The longer you wait to make a will, the more likely you'll never get around to it. If you still have not created a will, you should take some time to consider how a will might benefit you and make a point of creating your will as soon as possible. However, for those who already have a will, it is wise to consider if you need to amend or entirely revoke your will if you experience a number of significant life changes.
A will is still malleable until you pass away or become incapacitated, as long as you take the time to amend it. You may also wish to revoke the will entirely and start with a fresh slate. Generally speaking, you may revoke a will either by destroying the will or by simply creating a new will.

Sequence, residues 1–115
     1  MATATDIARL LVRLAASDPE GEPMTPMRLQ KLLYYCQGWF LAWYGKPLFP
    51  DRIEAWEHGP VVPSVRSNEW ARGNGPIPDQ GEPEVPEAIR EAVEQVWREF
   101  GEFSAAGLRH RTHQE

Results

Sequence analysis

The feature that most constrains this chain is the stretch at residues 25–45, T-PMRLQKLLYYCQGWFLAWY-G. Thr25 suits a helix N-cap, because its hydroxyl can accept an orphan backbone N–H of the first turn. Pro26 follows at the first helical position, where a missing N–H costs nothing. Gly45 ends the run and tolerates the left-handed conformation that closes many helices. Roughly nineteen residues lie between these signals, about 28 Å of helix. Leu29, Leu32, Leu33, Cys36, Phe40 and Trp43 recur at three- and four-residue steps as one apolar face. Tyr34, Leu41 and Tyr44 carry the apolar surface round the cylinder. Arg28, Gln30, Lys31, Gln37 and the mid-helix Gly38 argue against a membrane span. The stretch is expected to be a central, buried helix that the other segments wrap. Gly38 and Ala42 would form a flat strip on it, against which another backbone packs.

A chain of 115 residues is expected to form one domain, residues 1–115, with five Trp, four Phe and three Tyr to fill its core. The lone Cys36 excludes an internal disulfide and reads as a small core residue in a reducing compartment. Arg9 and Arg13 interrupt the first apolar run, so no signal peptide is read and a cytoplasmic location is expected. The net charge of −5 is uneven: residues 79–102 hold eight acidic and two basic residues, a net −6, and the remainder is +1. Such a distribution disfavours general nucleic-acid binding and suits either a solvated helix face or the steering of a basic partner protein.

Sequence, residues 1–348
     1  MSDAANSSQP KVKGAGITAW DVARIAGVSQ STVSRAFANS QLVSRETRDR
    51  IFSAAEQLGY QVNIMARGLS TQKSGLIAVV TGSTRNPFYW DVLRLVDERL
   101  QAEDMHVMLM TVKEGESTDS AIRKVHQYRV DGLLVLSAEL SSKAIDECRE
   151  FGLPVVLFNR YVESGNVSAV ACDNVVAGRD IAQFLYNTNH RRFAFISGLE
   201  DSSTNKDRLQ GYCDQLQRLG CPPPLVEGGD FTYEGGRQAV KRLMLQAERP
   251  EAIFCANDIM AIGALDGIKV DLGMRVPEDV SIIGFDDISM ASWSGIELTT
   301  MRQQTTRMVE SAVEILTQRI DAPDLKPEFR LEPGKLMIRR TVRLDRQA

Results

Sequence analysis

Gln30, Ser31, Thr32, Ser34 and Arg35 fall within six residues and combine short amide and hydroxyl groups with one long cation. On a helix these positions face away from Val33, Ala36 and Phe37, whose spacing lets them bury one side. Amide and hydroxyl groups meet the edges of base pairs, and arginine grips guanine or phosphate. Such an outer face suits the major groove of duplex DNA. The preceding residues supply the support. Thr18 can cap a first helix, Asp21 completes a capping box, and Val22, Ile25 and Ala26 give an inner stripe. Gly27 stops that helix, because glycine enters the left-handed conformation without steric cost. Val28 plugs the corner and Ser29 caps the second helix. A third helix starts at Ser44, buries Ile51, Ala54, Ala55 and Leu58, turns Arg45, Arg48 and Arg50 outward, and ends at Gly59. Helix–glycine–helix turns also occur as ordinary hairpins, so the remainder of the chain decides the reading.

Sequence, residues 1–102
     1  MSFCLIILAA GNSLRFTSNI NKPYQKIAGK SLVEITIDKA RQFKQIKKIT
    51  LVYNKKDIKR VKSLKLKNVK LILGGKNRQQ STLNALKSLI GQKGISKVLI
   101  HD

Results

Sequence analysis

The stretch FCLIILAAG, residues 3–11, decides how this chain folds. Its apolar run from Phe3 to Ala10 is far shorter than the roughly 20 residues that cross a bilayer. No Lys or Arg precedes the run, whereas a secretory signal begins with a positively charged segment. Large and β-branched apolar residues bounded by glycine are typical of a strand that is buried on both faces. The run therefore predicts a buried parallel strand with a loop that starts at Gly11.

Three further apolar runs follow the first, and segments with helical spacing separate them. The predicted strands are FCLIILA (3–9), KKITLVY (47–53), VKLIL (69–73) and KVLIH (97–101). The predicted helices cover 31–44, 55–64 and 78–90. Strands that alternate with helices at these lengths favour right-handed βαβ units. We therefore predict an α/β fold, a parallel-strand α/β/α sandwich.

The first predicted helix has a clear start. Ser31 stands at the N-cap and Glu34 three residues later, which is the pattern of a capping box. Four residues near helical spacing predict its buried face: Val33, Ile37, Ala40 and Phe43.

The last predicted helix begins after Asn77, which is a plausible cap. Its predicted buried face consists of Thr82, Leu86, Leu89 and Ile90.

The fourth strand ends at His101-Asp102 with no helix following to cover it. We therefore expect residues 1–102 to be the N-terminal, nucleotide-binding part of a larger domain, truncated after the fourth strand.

It is worth noting that destroying a will is a much simpler and effective method than creating a new will to supersede your existing will. If you create multiple wills without destroying the revoked iteration, conflicts can easily arise after you pass away and can no longer speak into the matter. Your heirs or beneficiaries may dispute which will is actually the valid version, incurring unnecessary expenses and possibly harming relationships between your heirs and other beneficiaries.
If you believe it is time to revoke your will, destroying the document entirely is the easiest way to do so. An experienced estate planning attorney can help you ensure that you fully understand the legal implications of revoking your will and will help keep you rights and priorities safe.
Source: Findlaw, "How to Revoke a Will," accessed Dec. 15, 2017